Reframing for Resilience, Training for the Worrier and the Negative!

21 Feb

Do you know someone who always sees the worst case?  Are YOU someone who tends to see hassles, destruction or headaches around every corner?  Do you over think things to death (according to family members and friends)?  Are most projects and plans a breeding ground for potential disaster?  “You’ve just won the lottery!!!”  “Oh great, people will be hounding us, our lives won’t be our own, the kids will become greedy and undisciplined…”  And don’t even get started on the new changes at work! That new system, boss, employee, office, project…Do you know what I’m talking about?

Now, in all fairness, there are a few personality types that tend towards feelings of anxiety and worrying a bit more than others.  And, research indicates about 50% of the population is naturally optimistic and resilient while the other 50% tend towards pessimism and find it hard to rebound – so we might need to cut them a little slack.  However, learning to manage excessive worry and negativism is very possible – it is a choice!

Here is a relatively simple exercise that anyone can do when they are feeling pessimistic, anxious, or are becoming a buzz-kill.  Take a piece of paper and make three columns.  On top of the first column write “Worst Case Scenario” (may as well get the negative over with!)  Above the third column write “Best Case Scenario” (now we’re talking – positive is a choice!)  Go a little crazy with column three!  You might want to be somewhere in the universe of realistic, but let yourself explore those positive thoughts!  Above the middle column write “Most Likely to Happen.”  It isn’t hard to see where this is going.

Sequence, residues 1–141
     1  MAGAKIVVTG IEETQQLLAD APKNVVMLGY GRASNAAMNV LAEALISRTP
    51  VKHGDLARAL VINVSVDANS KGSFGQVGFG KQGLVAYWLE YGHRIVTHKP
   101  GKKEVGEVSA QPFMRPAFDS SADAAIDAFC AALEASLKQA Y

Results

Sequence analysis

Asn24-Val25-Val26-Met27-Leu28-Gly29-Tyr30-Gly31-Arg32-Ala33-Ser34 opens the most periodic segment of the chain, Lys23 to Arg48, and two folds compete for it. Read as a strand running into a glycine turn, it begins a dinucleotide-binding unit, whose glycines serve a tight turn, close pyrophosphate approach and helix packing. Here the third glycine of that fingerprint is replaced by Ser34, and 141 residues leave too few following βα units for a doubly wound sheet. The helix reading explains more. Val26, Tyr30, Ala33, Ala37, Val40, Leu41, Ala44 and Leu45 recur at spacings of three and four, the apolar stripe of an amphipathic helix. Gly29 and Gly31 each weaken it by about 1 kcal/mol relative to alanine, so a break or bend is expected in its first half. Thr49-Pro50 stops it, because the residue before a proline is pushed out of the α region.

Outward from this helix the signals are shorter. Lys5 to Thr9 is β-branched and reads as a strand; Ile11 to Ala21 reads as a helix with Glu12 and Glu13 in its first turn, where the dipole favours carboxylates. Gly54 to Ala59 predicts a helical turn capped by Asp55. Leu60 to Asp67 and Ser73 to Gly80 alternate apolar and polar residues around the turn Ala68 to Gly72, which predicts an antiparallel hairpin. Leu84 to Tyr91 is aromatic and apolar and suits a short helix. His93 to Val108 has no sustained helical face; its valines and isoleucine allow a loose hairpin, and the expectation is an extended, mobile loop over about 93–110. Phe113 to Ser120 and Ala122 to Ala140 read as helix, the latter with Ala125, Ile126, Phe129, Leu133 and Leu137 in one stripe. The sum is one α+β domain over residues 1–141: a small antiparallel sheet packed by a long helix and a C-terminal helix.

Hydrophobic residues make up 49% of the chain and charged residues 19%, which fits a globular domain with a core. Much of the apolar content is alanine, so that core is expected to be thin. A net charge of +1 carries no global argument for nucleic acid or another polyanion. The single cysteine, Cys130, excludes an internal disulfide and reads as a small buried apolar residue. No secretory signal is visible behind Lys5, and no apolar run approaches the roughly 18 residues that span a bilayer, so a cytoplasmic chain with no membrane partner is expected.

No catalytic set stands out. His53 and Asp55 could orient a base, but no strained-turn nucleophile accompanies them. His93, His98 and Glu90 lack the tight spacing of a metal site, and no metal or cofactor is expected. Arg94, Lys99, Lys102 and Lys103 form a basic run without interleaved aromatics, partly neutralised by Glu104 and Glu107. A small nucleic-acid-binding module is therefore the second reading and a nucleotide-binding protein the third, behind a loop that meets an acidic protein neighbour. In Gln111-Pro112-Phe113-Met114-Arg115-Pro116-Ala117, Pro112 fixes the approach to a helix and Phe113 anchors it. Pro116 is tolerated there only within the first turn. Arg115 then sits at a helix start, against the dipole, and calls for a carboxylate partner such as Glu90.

Few things in life truly fall into either column one or three; it’s usually a blend of the two.  However, you get what you look for.  If you’re looking for the positive you are much more likely to find it.  If you’re looking for the negative, you will also find that.  Please, I’m begging you – for your own well-being as well as the people around you – play in the “Best Case” column once in a while!  At the very least reel-in the crazy dark side!

 

2 Responses to “Reframing for Resilience, Training for the Worrier and the Negative!”

  1. christy.pettit@odscore.com February 28, 2012 at 7:43 am #

    Good re-framing exercise Sue! I am re-reading… well reading and for the first time actually understanding a book by David Whyte called The Heart Aroused: Poetry and Preservation of the Soul in Corporate America, and have just gotten to a chapter that discusses “the familiar edge between nourishment and terror.” He speaks about how when we are focusing on the negative there is part of us looking for someone (external) to come and save us. Thoughts?

    • Sue February 28, 2012 at 9:58 pm #

      Hey Christy – typically when we focus on the negative fight or flight system kicks in. I’m guessing looking for a savior is a flight response – I’d be interested to know what happens when ‘fight’ kicks in as our response to terror in the workplace. Well, maybe not so curious – I think I’ve seen it – ha.

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